It's been six months since the first coronavirus vaccine shot was administered in the UK.
And as the biggest vaccine campaign in history rolls on, more than two billion doses have now been given worldwide.
About 11 percent of the global population have gotten at least one.
Data from the World Health Organization also shows that the number of daily new cases worldwide has been falling since the peak of almost 900-thousand in mid-April.
With the vaccination rate increasing worldwide, countries are moving to ease their restrictions.
Israel, which has been a vaccination leader, plans to lift mask mandates for people indoors starting next week, which would end the country's only major remaining virus restriction.
Students at school, however, will still have to wear masks in class as children under 16 have yet to be vaccinated.
Israel lifted outdoor mask requirements in April, and it's also removed limits on gatherings, and is allowing businesses to operate without restrictions.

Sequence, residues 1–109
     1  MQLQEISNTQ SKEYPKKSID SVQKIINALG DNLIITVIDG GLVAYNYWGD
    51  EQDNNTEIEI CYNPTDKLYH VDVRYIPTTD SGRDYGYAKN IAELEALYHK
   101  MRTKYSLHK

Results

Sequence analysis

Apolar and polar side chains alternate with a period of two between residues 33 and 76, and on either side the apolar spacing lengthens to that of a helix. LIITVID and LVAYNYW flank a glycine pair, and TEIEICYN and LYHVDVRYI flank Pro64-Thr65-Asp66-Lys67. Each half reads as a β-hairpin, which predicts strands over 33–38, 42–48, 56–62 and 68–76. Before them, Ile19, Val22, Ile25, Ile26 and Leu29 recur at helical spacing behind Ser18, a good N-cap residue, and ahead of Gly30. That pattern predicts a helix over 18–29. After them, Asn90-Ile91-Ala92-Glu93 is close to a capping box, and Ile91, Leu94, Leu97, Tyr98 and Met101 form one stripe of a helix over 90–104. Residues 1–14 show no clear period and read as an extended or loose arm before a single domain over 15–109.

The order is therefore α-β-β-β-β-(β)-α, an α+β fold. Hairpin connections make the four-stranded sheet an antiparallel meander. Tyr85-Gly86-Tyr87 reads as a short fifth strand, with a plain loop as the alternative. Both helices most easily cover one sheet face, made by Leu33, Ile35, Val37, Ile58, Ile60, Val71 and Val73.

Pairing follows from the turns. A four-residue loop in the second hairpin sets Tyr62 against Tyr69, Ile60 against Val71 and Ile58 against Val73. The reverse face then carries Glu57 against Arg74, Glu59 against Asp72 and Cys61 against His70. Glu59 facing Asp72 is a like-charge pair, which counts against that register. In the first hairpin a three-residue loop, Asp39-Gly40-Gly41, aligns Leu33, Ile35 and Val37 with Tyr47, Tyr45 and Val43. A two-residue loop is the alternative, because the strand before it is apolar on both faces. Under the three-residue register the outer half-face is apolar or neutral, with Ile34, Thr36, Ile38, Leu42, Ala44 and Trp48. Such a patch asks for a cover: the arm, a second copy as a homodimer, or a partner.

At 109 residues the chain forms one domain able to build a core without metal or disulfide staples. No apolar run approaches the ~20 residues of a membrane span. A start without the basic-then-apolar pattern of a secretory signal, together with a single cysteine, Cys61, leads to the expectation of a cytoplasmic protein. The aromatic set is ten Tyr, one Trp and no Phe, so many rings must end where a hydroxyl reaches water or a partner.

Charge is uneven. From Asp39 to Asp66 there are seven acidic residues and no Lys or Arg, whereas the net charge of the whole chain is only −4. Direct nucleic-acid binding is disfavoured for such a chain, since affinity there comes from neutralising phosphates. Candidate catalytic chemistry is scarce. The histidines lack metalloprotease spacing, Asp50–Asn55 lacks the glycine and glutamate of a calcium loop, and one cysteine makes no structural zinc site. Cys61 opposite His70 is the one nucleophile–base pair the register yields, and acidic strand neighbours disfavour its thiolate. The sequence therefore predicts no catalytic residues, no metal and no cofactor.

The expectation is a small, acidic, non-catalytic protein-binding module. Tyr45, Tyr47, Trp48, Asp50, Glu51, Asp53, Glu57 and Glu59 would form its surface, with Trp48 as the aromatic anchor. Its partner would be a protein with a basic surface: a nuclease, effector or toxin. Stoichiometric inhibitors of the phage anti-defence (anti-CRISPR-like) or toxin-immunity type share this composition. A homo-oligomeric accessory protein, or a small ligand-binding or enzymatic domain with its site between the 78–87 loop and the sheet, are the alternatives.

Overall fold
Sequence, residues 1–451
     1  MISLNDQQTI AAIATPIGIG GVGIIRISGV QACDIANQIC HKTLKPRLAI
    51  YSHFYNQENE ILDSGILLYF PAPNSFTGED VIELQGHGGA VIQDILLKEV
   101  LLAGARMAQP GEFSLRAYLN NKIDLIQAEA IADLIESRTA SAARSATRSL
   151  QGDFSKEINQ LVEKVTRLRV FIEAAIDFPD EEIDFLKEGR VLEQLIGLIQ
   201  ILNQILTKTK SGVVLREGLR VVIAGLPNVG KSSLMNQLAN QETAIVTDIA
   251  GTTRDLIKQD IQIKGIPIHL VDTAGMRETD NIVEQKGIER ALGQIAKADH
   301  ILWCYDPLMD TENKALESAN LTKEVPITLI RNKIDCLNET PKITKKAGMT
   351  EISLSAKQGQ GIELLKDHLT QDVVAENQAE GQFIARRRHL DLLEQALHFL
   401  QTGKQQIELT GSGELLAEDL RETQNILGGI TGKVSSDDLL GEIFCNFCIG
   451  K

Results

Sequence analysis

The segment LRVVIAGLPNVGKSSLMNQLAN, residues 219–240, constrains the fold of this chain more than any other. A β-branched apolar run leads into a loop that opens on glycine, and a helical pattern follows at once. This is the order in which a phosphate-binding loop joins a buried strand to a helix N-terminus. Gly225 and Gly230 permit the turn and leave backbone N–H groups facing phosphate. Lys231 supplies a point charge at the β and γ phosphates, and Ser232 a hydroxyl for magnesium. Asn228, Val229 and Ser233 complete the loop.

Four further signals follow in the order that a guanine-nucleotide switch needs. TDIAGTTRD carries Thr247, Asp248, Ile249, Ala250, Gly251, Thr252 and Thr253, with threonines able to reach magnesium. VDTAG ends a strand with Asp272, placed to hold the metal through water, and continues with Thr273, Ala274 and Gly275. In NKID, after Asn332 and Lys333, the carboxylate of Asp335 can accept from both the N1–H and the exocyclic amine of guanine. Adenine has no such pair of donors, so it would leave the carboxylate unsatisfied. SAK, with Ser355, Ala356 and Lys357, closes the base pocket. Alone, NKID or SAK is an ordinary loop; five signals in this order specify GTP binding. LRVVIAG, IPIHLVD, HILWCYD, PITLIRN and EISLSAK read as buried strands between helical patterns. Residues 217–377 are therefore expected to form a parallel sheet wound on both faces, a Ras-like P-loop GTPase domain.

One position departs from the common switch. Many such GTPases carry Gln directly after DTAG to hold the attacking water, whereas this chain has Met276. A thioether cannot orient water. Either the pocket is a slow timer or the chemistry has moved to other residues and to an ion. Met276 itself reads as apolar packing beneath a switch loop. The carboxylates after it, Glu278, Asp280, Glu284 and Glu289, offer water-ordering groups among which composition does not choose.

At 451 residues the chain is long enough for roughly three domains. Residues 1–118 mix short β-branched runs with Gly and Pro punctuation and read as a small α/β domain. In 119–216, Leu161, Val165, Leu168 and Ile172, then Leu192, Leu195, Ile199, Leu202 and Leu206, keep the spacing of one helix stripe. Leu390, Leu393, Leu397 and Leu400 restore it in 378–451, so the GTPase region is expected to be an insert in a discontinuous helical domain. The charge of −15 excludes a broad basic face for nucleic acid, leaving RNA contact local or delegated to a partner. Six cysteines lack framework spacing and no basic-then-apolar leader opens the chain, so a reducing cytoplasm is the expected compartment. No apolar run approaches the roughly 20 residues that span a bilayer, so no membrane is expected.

On Sunday, the country reported just four new infections, all of which were from overseas.
The U.S. is taking similar steps.
Half of the U.S. population has now received at least one dose of a vaccine and about 42 percent have been fully vaccinated.
The U.S. Centers for Disease Control and Prevention said that those who are fully vaccinated do not need to wear masks outdoors.
Vaccine distribution, however, have been lopsided in different parts of the world.
Countries and regions with higher incomes are getting vaccinated 20 to 30 times faster than those with lower incomes.
Africa, for example, has inoculated only 31 million people out of its population of 1.3 billion.
The World Health Organization has said that at least 70 percent of the world's population would have to be inoculated to end the pandemic.
But if there are countries that don't have access to vaccines, then that goal will remain far away.
Min Suk-hyen, Arirang News.